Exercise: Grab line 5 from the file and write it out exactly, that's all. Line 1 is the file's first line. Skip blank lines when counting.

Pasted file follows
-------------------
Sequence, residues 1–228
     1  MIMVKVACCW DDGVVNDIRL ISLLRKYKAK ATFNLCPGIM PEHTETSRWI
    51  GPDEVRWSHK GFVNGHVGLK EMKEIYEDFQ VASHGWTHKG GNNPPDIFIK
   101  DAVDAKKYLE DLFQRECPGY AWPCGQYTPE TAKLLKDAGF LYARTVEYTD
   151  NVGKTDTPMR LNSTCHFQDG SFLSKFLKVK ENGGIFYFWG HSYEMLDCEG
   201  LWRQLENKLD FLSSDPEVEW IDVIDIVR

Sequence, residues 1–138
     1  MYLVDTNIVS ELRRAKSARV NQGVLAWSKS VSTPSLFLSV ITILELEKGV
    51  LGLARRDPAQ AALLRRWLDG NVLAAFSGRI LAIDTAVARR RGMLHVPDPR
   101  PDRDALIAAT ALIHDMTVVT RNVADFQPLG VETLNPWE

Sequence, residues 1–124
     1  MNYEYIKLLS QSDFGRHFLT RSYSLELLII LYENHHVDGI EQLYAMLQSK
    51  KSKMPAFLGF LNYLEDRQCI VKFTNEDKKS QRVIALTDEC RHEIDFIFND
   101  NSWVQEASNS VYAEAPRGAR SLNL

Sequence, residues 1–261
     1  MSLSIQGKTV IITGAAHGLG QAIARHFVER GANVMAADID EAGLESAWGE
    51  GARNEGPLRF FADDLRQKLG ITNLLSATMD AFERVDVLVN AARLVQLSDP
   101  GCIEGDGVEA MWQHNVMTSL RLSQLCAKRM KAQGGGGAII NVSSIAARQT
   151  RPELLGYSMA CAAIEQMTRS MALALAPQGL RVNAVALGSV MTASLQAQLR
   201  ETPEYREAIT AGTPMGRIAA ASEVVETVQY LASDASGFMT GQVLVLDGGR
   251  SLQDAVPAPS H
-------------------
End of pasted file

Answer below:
   151  NVGKTDTPMR LNSTCHFQDG SFLSKFLKVK ENGGIFYFWG HSYEMLDCEG